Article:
In April 1971, with an introduction from a New York curator friend, Jonathan Holstein and Gail van der Hoof approached the Whitney Museum of American Art with a quilt exhibition proposal. They argued to the Whitney staff that the museum should exhibit a group of their quilts, not as craft but as art, as objects of aesthetic distinction with parallels to the modern art the Whitney normally showed. Within weeks, Holstein and van der Hoof had been invited to produce the exhibition, and a couple of months later, the exhibition's 61 quilts went up on the museum's walls. Opening on July 1, Abstract Design in American Quilts immediately attracted unexpectedly large and enthusiastic numbers and quickly sold out its catalog. As a result, the Whitney extended the exhibition’s run by several weeks. The quilts were a hit with visitors.
Just as important, the quilts were a hit with critics. In the review that essentially put the exhibition on the map, New York Times art critic Hilton Kramer noted the quilts’ visual resonance with modern abstract painting and credited their makers with developing sophisticated abstract forms well before painters did:
"For a century or more preceding the self-conscious invention of pictorial abstraction in European painting, the anonymous quilt-makers of the American provinces created a remarkable succession of visual masterpieces that anticipated many of the forms that were later prized for their originality and courage."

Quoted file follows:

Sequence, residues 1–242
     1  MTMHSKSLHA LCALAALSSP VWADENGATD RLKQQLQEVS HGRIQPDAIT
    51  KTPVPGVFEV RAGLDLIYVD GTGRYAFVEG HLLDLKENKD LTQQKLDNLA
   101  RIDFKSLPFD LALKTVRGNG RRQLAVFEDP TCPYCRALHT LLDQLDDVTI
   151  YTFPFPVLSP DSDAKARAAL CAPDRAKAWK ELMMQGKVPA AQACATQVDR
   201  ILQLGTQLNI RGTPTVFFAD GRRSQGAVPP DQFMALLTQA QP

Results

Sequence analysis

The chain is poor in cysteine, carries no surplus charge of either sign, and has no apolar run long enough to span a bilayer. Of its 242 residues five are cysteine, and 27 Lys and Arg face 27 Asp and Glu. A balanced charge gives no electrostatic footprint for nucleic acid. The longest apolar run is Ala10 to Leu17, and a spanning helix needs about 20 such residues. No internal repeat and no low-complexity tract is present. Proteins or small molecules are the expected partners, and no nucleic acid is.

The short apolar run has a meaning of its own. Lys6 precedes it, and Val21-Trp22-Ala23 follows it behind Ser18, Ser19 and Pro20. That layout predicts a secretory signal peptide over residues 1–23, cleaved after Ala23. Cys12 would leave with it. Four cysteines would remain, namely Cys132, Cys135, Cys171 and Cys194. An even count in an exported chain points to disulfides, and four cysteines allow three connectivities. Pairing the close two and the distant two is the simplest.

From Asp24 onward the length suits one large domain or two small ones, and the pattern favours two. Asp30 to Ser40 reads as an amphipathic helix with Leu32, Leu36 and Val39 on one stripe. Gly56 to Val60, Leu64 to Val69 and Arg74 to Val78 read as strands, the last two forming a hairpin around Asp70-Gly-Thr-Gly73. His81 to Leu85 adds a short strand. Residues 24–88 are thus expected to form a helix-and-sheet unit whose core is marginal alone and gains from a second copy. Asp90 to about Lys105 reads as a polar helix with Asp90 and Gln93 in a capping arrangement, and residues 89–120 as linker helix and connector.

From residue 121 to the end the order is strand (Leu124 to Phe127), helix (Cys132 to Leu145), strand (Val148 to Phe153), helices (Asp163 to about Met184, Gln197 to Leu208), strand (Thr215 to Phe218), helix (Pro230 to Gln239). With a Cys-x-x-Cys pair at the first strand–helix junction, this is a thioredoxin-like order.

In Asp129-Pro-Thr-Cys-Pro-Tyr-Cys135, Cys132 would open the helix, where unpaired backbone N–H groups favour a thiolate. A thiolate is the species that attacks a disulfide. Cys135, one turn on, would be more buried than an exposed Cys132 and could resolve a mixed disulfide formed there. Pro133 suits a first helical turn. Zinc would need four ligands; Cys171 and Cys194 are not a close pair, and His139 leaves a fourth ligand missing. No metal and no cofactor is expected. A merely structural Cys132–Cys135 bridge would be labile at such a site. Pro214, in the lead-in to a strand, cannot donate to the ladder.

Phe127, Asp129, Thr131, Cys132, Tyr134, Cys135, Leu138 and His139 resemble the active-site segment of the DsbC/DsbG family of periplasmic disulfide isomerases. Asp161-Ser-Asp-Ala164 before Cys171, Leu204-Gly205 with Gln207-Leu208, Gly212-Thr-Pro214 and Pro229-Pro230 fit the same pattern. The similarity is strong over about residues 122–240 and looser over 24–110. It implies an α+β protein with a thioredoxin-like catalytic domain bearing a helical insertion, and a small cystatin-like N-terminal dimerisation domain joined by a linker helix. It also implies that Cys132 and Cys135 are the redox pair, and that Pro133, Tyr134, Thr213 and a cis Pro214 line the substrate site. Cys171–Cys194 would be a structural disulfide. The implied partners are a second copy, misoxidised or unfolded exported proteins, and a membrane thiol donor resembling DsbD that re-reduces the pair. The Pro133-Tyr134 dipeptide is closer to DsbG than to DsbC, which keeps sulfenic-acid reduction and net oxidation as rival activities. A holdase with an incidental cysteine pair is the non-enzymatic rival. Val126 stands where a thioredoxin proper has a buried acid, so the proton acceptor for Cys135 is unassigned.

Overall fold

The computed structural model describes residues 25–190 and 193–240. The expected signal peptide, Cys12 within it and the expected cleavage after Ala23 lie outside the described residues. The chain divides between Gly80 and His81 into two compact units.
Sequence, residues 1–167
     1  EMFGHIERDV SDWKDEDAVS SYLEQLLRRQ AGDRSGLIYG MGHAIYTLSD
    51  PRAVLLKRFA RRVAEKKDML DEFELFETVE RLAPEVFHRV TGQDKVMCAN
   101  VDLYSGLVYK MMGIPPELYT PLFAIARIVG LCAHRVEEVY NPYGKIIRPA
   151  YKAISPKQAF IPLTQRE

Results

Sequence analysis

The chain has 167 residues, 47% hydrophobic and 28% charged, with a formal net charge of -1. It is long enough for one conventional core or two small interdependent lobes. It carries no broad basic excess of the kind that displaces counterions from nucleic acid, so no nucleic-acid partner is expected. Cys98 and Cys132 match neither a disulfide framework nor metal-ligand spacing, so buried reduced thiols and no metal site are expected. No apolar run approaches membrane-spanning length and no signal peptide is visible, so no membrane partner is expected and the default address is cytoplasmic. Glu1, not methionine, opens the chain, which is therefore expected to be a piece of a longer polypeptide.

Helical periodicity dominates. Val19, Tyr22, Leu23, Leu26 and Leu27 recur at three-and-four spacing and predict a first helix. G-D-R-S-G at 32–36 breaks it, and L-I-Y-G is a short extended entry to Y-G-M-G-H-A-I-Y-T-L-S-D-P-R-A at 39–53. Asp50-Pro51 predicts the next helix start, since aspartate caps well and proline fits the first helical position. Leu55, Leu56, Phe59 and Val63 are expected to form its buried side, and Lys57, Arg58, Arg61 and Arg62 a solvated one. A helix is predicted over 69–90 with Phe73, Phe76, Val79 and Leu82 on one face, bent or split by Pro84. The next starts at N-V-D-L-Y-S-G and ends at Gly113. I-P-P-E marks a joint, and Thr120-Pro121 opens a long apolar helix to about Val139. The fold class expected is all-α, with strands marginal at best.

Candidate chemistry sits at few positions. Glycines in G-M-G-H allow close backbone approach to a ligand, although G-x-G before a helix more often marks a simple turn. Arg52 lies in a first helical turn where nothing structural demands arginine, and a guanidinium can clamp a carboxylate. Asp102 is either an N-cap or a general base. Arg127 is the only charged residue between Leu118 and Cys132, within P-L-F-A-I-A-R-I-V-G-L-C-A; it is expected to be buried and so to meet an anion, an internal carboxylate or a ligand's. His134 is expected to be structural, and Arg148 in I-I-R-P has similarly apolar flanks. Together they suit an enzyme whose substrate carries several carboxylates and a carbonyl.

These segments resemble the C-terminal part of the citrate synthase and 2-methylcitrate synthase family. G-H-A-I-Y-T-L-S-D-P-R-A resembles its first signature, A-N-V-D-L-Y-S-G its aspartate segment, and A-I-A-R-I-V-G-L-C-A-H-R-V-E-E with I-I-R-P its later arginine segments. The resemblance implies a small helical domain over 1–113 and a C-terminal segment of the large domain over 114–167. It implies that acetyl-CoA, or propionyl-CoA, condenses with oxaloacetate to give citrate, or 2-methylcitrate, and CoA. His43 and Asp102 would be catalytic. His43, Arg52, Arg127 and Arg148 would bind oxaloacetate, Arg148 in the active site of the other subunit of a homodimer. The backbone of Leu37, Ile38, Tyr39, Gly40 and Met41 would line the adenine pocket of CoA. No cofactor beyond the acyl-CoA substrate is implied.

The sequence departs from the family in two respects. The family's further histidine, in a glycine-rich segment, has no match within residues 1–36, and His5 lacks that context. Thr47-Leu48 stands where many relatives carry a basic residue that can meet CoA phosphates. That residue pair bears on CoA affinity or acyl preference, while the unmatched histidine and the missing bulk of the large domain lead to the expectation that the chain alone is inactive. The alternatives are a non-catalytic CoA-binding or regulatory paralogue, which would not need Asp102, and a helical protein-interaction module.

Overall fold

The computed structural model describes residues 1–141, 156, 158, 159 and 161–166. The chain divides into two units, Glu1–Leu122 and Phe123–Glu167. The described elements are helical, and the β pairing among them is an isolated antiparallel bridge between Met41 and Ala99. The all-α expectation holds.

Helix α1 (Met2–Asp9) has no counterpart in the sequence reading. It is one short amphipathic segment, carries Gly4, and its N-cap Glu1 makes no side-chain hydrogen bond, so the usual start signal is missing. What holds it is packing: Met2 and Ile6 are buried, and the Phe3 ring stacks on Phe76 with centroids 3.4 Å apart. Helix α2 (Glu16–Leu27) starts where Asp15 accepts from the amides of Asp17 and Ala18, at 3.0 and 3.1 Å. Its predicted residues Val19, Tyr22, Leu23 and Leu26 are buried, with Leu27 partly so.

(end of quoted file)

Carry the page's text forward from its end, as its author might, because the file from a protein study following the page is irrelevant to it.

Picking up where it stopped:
Praise was also extended to the exhibition as a whole. Lester Abelman of the New York Daily News opined that the Whitney had “given the homely quilt its artistic stamp of approval.” And the New Yorker’s Janet Malcolm marveled that, as demonstrated in Abstract Design in American Quilts, “a quilt that looks merely homey lying at the foot of a bed may become a great work of abstract design when it is hung on an enormous white wall and regarded from a distance.” With outstanding attendance figures and overwhelmingly positive media reviews, the exhibition's legacy had already started to become firmly established.